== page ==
Even though the organization would prefer not to trade Kinsler, at least not this early into his potentially team-friendly contract, it may represent the more realistic course of action to ensure that Profar receives everyday playing time.

 

Anthony Rendon

While the Rangers could plug Profar into their lineup at several positions, the same cannot be said for the Washington Nationals and top prospect Anthony Rendon.

Although he was promoted from Double-A to the major leagues this weekend after Ryan Zimmerman was placed on the disabled list with a hamstring injury, the 22-year-old’s future at the hot corner still is uncertain.

Considering that Zimmerman is under contract through the 2019 season, the Nationals will presumably keep him at the position for as long as physically possible. Besides his current hamstring issue, the 28-year-old third baseman continues to battle through a shoulder injury that has severely altered his arm motion and release point. He already has four errors in 15 games this season.

Al Messerschmidt/Getty Images

If Zimmerman’s ailing shoulder is more serious than the organization has let on—such as a potential career threatening injury—then it’s conceivable that he’ll ultimately move across the infield to first base. However, such a move would be easier said than done with Adam LaRoche under contract through 2014.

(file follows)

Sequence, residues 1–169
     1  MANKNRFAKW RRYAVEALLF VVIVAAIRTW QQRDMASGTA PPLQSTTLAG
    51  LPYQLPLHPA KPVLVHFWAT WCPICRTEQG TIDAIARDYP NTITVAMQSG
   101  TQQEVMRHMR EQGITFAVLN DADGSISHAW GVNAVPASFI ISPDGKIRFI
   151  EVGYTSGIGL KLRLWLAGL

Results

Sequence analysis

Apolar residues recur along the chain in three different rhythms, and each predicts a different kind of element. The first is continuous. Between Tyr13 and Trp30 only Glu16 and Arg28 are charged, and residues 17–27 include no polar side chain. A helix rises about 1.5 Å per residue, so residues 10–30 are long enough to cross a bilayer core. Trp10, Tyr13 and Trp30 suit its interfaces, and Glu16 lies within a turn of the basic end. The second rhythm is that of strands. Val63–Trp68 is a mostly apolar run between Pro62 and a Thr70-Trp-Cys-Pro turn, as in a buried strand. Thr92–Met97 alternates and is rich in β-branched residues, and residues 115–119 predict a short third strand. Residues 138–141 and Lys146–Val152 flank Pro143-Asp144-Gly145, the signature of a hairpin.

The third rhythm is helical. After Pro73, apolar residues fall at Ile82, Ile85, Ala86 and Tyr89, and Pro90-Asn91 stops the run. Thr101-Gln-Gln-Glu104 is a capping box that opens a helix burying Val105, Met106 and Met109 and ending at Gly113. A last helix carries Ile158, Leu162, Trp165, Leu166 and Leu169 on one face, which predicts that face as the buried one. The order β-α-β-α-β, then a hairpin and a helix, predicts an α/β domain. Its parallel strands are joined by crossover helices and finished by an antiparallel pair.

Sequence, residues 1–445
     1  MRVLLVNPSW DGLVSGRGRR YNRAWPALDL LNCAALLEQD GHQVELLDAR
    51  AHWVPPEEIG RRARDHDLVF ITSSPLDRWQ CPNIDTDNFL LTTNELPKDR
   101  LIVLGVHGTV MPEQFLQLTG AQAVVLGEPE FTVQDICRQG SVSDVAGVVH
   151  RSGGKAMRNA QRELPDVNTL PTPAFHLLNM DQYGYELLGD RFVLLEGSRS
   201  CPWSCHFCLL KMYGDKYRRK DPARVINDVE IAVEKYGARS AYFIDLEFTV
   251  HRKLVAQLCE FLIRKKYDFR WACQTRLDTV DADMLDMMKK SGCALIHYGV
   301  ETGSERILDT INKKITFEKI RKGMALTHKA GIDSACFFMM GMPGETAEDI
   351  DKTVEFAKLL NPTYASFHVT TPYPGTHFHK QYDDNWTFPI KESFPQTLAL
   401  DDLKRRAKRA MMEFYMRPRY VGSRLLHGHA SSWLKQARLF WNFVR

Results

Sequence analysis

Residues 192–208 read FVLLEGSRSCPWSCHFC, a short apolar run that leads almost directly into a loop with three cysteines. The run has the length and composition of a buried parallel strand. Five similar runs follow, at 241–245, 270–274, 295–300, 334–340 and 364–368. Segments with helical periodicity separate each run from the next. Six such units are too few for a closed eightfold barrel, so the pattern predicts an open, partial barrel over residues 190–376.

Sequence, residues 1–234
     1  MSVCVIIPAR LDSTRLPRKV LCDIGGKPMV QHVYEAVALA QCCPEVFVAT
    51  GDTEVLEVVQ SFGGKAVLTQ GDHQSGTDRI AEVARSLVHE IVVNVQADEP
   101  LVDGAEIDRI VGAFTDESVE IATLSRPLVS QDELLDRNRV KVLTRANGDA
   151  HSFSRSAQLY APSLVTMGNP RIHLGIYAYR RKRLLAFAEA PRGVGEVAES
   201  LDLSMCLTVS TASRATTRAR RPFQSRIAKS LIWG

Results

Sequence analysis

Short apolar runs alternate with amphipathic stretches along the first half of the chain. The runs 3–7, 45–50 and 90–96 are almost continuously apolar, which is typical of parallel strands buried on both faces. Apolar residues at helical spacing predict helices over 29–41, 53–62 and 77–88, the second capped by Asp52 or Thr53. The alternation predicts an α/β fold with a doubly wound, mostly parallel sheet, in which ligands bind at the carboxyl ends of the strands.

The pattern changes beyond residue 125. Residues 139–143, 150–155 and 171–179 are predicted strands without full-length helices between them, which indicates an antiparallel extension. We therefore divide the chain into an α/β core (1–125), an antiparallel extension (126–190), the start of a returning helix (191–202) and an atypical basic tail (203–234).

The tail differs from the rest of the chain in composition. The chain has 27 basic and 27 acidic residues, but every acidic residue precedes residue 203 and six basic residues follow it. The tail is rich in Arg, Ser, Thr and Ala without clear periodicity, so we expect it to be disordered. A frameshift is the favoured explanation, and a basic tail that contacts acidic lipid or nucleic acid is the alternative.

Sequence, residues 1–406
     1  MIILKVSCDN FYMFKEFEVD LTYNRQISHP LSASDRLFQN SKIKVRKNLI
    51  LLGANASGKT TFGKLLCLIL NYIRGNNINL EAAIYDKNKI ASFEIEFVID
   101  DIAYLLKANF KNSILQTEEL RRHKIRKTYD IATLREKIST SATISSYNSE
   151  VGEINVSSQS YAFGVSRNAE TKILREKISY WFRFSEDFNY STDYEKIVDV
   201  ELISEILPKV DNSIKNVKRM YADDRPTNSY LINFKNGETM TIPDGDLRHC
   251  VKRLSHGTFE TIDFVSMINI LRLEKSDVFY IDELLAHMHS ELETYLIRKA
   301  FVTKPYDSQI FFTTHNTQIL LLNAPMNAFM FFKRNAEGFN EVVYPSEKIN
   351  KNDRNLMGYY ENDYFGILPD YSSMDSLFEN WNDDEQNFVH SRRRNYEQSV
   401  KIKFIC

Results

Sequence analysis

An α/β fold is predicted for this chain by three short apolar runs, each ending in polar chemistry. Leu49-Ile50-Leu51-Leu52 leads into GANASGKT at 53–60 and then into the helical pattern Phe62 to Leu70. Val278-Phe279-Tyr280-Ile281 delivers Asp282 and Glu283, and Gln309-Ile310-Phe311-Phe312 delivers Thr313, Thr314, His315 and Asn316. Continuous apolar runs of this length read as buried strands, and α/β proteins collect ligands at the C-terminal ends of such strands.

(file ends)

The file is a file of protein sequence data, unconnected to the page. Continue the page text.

Assuming that Zimmerman is able to remain relatively healthy and stay at third base, then the Nationals will have to be creative in how they get Rendon, who owns arguably the best combination of hit-tool projection and plate discipline in the minor leagues, into the everyday lineup.

The most likely scenario involves moving him from third to second base, a position at which he’s played only two games as a professional. At the surface, Rendon’s smooth actions, soft hands and strong arm are a clean fit at secnd base. However, the reality is that he’s simply not the athlete he was during his early days at Rice.

Rendon has suffered three serious ankle injuries over the past four seasons, including a fractured left ankle last season—in his second career game as a professional—that limited him to only 43 games.

The injuries have cost him a step in his speed and limited his range defensively. Even though Rendon has above-average arm strength across the diamond, it pales in comparison to the rifle he showcased as a college sophomore before suffering a shoulder injury.

I’m not opposed to the Nationals exploring the idea, but it represents a monster risk considering his inherent risk of injury, not to mention the perpetual concern regarding his durability. Plus, as a second baseman, Rendon would be subjected to the inevitable contact involved with turning the double play.

While his projection as a bat-first second baseman is made even more attractive by his presumptive spot in the Nationals’ potent major-league lineup, it’s more likely to negatively affect his long-term potential.